A Turkish beach in Dubai – Tom Cruise thinks it’s India!
Our World | On 05, Apr 2012
I recently paid a visit to Dubai to watch the magnificent spectacle of the Dubai World Cup, the richest horse race in the world with a top prize of $10m. Choose your trio, “sun, sea and sand”, “hats, heels and hem lines”, “champagne, caviar and chocolates” or use all nine in a nonet. The sights and sounds of the Dubai World Cup can just about go through the entire alphabet of descriptive and emotive words more times than anywhere else – including the good, the bad and the ugly!
A truly unique experience with a one kilometre long grandstand rising out of the desert like a science fiction space station and what felt like the entire population being entertained for ten hours. All culminating in a spectacular closing ceremony, a Toni Braxton concert, and yes, just a few fireworks to light up the desert sky.
I had the pleasure of staying at one of Dubai’s newer hotels – I say newer cognisant of the fact that half the city didn’t exist 10 years ago and as I’m writing this there are thousands of people digging, banging, drilling, painting and creating another plethora of new properties further down the beach or more likely a few thousand feet up in the sky or even more likely in the middle of the ocean somewhere.
Jumeirah’s latest addition is the Zabeel Saray, a beautiful Ottoman palace set on the western crescent of the Palm. When I say Ottoman palace, I do mean Ottoman and palace. Let me tell you just one tiny detail behind this construction: There are 30,000 square metres of natural marble from the Turkish cities of Afyon and Kutahya, shipped to Dubai and hand crafted by Turkish masons. Impressive from the outside, as soon as you enter you are greeted by a 200m long atrium and surrounded by hand painted finishings, Turkish artworks and lavish murals recreating the grand and magnificent era of the Ottoman Empire. The imperial hospitality experience is in further evidence in the design and size of even the smallest room and enhanced by the attentiveness and thoughtfulness of the service. You really are a guest in an imperial Ottoman palace.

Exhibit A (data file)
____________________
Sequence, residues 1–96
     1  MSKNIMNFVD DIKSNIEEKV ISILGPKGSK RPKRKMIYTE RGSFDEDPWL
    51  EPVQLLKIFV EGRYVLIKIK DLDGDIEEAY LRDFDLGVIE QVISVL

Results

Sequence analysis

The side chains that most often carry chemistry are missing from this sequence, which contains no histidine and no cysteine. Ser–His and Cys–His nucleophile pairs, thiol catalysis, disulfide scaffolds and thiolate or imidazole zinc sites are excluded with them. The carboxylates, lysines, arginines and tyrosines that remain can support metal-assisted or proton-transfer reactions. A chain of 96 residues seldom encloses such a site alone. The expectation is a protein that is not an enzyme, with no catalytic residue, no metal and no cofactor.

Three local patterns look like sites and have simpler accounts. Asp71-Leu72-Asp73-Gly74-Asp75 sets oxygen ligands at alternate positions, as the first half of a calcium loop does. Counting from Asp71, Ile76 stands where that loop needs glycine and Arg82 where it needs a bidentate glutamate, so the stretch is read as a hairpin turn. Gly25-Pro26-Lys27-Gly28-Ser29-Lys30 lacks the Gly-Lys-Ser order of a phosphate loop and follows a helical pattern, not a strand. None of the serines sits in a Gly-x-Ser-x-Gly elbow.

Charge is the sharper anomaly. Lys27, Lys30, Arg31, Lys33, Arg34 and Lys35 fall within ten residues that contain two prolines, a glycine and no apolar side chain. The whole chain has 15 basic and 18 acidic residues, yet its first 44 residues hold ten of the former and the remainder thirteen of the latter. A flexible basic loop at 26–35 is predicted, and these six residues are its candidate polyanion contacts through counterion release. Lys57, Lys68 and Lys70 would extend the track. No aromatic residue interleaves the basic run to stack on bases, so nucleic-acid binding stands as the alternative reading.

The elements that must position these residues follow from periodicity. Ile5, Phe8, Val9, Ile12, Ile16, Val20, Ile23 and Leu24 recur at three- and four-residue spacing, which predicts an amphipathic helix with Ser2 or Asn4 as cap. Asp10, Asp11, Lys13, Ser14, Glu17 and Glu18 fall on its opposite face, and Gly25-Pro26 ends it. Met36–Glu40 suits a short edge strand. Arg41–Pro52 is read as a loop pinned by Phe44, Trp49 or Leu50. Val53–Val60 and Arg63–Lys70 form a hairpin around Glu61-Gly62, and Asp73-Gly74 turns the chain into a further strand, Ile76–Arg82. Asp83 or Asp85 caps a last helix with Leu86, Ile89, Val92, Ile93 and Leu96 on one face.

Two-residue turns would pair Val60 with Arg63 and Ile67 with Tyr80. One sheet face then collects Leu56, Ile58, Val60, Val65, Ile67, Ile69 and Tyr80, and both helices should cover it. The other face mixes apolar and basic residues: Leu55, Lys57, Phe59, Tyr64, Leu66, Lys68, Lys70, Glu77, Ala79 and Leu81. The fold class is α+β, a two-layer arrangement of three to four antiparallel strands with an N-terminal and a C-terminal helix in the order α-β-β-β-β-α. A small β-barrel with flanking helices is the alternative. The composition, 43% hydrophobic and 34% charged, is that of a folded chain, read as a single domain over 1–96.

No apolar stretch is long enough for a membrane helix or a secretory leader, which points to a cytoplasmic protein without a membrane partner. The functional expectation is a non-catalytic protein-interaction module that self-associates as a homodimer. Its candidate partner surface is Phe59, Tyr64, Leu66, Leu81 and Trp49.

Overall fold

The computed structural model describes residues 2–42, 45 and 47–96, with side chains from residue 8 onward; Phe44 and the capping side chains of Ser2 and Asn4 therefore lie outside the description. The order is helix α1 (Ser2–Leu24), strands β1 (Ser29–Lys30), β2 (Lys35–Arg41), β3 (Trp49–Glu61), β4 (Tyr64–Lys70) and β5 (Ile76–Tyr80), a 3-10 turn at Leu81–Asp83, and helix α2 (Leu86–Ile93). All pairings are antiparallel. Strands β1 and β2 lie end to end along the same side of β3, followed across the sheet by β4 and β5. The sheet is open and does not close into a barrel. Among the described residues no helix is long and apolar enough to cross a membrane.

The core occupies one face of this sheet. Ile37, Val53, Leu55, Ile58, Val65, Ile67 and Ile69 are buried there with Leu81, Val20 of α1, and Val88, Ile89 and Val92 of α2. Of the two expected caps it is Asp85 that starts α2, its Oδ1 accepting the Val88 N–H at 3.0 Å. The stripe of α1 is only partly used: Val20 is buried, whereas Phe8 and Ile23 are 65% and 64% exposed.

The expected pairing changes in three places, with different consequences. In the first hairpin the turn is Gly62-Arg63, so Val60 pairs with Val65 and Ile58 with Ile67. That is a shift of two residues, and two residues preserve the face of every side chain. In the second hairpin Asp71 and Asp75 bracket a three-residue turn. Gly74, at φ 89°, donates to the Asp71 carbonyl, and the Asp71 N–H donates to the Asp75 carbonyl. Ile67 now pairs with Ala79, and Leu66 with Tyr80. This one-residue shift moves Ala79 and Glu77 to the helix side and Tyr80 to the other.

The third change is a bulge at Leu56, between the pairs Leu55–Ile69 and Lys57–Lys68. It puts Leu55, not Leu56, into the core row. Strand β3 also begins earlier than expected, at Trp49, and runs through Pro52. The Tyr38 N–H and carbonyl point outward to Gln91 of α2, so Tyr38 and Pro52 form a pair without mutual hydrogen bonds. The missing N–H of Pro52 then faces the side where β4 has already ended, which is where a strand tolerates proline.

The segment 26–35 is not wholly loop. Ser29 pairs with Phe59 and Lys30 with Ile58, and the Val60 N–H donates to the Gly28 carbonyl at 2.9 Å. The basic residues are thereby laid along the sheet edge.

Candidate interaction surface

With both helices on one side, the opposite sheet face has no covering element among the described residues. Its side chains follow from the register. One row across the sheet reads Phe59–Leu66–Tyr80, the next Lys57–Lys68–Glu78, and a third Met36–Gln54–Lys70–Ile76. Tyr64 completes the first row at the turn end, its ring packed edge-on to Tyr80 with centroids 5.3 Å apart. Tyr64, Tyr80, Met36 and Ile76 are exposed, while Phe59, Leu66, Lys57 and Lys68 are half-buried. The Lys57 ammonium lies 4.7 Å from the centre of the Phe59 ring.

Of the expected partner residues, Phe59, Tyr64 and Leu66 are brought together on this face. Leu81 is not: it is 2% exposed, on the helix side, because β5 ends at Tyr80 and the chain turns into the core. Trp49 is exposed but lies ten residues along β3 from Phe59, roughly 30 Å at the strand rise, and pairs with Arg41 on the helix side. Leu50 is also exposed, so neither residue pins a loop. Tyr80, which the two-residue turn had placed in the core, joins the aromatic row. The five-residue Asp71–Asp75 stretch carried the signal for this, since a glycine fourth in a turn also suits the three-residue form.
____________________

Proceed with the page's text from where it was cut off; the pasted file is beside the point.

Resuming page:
Inside there are 400 rooms and 7 restaurants, outside there is of course the obligatory Olympic sized pool, private beach, gardens, restaurants, cool bars and views over the Palm and Dubai including the world’s tallest building the Burj Khalifa. This brings me on to an interesting little anecdote – in the latest Mission Impossible film, the story moves from the scenes at the Burj Khalifa in Dubai to the magnificent palace of a Maharajah in Mumbai, India – of course actually the film crew moved 15 minutes along Jumeirah beach to the Palm and filmed at the Zabeel Saray – not just imperial Ottoman but also a Maharaja’s palace too.